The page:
How much has the global economy fallen in the face of the challenges of 2022?

Suffering from a series of continuous and persistent calamities over the past two years, it is evident that global economies have suffered a severe blow. Currently, many primary economies are collapsing like waterfalls. Continents such as Asia and Africa lack availability and access to financial technology. The question is, “What are the causes of these disruptive collapses?”

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The main cause of the economic collapse is the COVID-19[feminine] pandemic. Major lockdowns have caused unemployment and supply-side shocks.

Among reporting economies in Asia and the Pacific, referring to 46 developed countries and 3 developing countries Asian Development Bank member economies, only one in four recorded relative economic growth during the coronavirus pandemic.

China’s economy has slowed significantly due to multiple shutdowns, especially in major manufacturing hubs. It has also depreciated the growth rate of economies dependent on China for trade, COU such as Thailand and Malaysia.

Many Asian economies also lacked the institutional capacity to provide relief to people and businesses during the pandemic. It was hard enough for developed countries that used banks, tax administrations and welfare agencies to distribute the relief.

However, emerging economies with huge numbers of unbanked people – 66% in Indonesia and 77% in the Philippines – narrow tax bases and limited social protection have had to resort to distributive measures.

The covid pandemic has affected the African continent just as badly, if not worse. The African Development Bank estimated that the continent’s economic growth declined by 2.1% in 2020.

The effect on economies was the reliance on essential natural resources. Among oil-exporting countries, Libya was the hardest hit, followed by Equatorial Guinea and Algeria. Among the economies dependent on metals and minerals, that of Botswana is estimated to have fallen by 8.9%.

The Mauritian economy has faced the worst fall of any tourism-centric economy. Significant exchange rate depreciations and high inflation rates in Africa could be the result, among other things, of disruptions in external financial flows, including remittances, foreign direct investment and portfolio investment.

A significant cause of the downfall is the Russian-Ukrainian war which started in February 2022.

The grueling war has caused economic fallout mainly in 6 areas; global commodity markets, direct trade links and remittances with Russia and Ukraine, the spread through cross-border production networks, financial markets and the impact on refugees. Food and fuel prices have particularly increased, hitting low-income countries hardest.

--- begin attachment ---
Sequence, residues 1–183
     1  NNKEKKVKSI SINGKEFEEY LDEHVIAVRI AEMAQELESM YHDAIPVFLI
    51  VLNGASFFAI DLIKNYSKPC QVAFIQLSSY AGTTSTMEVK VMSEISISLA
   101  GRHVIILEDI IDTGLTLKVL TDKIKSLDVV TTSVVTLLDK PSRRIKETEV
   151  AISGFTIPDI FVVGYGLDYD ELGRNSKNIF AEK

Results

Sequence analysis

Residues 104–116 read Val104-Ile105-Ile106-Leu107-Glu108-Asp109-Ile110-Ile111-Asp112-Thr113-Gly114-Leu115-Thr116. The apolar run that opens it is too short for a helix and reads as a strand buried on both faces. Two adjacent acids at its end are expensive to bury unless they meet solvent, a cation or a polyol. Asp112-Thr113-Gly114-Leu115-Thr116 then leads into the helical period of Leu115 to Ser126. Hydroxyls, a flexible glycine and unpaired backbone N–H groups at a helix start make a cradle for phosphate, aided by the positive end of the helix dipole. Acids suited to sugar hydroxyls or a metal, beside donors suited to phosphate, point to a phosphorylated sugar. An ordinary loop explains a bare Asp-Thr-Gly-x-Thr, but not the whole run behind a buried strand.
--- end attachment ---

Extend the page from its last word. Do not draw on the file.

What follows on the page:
The Russian-Ukrainian war completely disrupted trade and caused skyrocketing inflation in many crucial economies around the world. Global growth is expected to slow from around 6.1% in 2021 to 3.6% in 2022-23.

That’s 0.8 and 0.2 percentage points lower than what was projected earlier in January. Extraordinarily high inflation has led to a tightening of monetary policy in many countries.

Global risks to the economic outlook have risen sharply and political trade-offs have become increasingly difficult.

Another important problem is the lack of financial accessibility and availability in Asia. There is clearly a lack of fintech in Asia, which adds to the damage caused by the presence of income inequality.

Small and medium-sized enterprises (SMEs), including micro-enterprises, play an important role in Asia’s economic development and contribute excessively to the region’s domestic production.

They accounted for 98% of all businesses and 38% of GDP in Asia between 2007 and 2012, according to the Asian Development Bank’s SME Finance Monitor 2013. Fintech and digitalization can provide various opportunities to overcome constraints by enabling SMEs to have better access to finance.

This could be done by using branchless banking technologies like online banking as well as engaging in peer-to-peer lending or crowdfunding.

One of the most important issues the commission should tackle is how to harness the power of digitalization to unlock SME productivity and growth.

The press believes that diplomats would be required to take decisive action that creates an enabling environment where fintech can thrive by rethinking regulatory policies to induce more innovation.

It would be extremely useful to address this issue together by exchanging country experiences and challenges in fintech and SME development among policy makers in Asia.

Africa, on the other hand, has observed that the pace of skills and technology development and innovation remains extremely slow, possibly due to the lack of a skilled university-level workforce. in practical technological development.

Added to this is the lack of high-quality laboratories and equipment, little or no resources for long-term funding, and weak private sector initiatives. What is needed is for the committee to work together to extract solutions from experiential circumstances and effectively manipulate economic policies. to build a stronger policy framework leading to development


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